I was kind of being a smart ass there, but think about this. If 10 years from now the car breaks down in an intersection somewhere due to a problem related to a malfunctioning start/stop feature, wouldn't the emissions created by the diesel tow truck that's sent to rescue you pretty much erase all of the emissions savings that you thought you were achieving over those 10 years? Not to mention the emissions that would come from the factories that have to manufacture the parts that the vehicle will need in order to get back onto the road again?
You obviously dont live in california, or have ever been stopped dead because of an accident or traffice for sometimes hours, on a highway, it saves quite a bit of fuel
I see. So in areas that require emissions testing, as long as the car isn't running when they put the probe into the tail pipe you should always pass the test with flying colors. Maybe this is a benefit that I overlooked.

I was kind of being a smart ass there, but think about this. If 10 years from now the car breaks down in an intersection somewhere due to a problem related to a malfunctioning start/stop feature, wouldn't the emissions created by the diesel tow truck that's sent to rescue you pretty much erase all of the emissions savings that you thought you were achieving over those 10 years? Not to mention the emissions that would come from the factories that have to manufacture the parts that the vehicle will need in order to get back onto the road again?

You obviously dont live in a city where traffic jams can keep back up for hours
Now If u live in wyoming or montana i agree with you
 

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On my 2020 CR-V, my AIS has not activated at all in the past month. I'm only driving the car maybe 2 times a week while working from home so much and temperatures have been between 40-75F outside during this time and continuous drive distances between 1 mile and 13 miles. Not complaining, I find it annoying when it used to activate the first time I got to a stoplight or stop sign (reminding me to press the button). But just strange that it has not kicked in at all over the past month.
 

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I had yet to experience AIS on my 2020 CR-V purchased in March, and the previously-mentioned suggestions have not worked for me. With only about 200 miles in 7 weeks (not quite the 3 week to the gallon as some have kidded with the current stay-at-home orders), I think more time has been spent just sitting in the car playing with feature settings than driving. Today, I made one change for an actual trip and, behold! it started working.

If your AIS has never worked, worked but stopped, or even mysteriously starts & stops, head to your Climate settings & see if your AC is not on OR off. What I mean is, neither of the buttons are 'lit'. Tap one and it should highlight. Assuming nothing on the list of things that keep AIS from activating are in play, I'd almost wager that your AIS will now work.

How can the AC be neither On nor Off?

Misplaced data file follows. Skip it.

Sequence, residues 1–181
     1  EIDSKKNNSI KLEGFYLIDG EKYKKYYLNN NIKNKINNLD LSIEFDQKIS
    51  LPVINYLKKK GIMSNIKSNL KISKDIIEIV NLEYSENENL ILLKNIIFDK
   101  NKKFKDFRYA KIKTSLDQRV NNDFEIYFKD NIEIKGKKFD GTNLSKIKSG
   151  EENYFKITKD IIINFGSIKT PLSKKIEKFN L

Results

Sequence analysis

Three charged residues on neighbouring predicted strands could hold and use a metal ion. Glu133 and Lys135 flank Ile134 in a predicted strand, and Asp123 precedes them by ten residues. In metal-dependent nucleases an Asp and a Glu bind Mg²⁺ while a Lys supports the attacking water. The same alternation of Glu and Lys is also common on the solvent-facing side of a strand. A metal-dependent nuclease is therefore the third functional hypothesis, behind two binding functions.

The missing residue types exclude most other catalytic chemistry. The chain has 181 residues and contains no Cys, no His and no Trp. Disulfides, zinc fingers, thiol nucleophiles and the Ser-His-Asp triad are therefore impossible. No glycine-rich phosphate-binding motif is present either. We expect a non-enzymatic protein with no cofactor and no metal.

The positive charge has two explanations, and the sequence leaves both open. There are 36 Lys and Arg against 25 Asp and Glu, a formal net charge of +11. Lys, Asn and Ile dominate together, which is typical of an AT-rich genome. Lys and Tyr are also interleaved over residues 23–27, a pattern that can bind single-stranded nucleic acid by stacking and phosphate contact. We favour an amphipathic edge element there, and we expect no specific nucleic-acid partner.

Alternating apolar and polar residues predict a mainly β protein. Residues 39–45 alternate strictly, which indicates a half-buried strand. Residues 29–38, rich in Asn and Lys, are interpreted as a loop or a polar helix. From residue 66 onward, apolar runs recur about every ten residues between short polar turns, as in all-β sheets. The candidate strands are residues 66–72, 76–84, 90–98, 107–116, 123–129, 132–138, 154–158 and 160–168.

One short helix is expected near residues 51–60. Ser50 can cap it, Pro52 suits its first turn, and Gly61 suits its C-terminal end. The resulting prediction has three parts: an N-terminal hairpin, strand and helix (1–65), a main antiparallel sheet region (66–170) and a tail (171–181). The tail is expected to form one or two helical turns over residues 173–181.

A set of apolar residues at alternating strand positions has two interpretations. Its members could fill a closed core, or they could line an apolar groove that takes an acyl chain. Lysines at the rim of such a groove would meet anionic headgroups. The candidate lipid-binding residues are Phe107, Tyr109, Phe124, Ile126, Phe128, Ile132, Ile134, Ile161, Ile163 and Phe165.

Setting the climate control to Auto does this. I suspect the design logic was that Auto climate activates heat & AC as needed, so the AC is not really on or off as it would be if you manually chose one or the other, and this is how it's indicated.

Further testing showed that AIS works with the AC manually on. So, it seems strange that AIS would care about the AC running one way but not the other. I'd like to reiterate, this is all relative to my 2020 CR-V, so your 'mileage' may vary.
 

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Habits play into it too, I often start the engine before buckling up, this too, will prevent it from working
 

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I get why the auto makers had to put this feature in but it doesnt really make sense . In my case , I leave home and theres a 6 km stretch of 80 kmph before my first stop sign . There is rarely any traffic so its usually a quick stop then off we go . This silly feature kicks in for what amounts to a 3-5 second period as I look both ways then proceed .I've only had the 2020 for a few weeks now so I've slowly gotten into the habit of turning the feature off before hitting the road .
 

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I get why the auto makers had to put this feature in but it doesnt really make sense . In my case , I leave home and theres a 6 km stretch of 80 kmph before my first stop sign . There is rarely any traffic so its usually a quick stop then off we go . This silly feature kicks in for what amounts to a 3-5 second period as I look both ways then proceed .I've only had the 2020 for a few weeks now so I've slowly gotten into the habit of turning the feature off before hitting the road .
You apparently dont live in california then, or a big city with stop and go traffic
 

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I get why the auto makers had to put this feature in but it doesnt really make sense . In my case , I leave home and theres a 6 km stretch of 80 kmph before my first stop sign . There is rarely any traffic so its usually a quick stop then off we go . This silly feature kicks in for what amounts to a 3-5 second period as I look both ways then proceed .I've only had the 2020 for a few weeks now so I've slowly gotten into the habit of turning the feature off before hitting the road .
I used to absolutely detest the stop-start feature on my old 4th Gen CR-V.

Like you, I disabled it every time without fail when using the car.

Thankfully, the 1.5T CVT that I have now does not have this silly function so thats one less thing to get annoyed about before I've even set off anywhere!!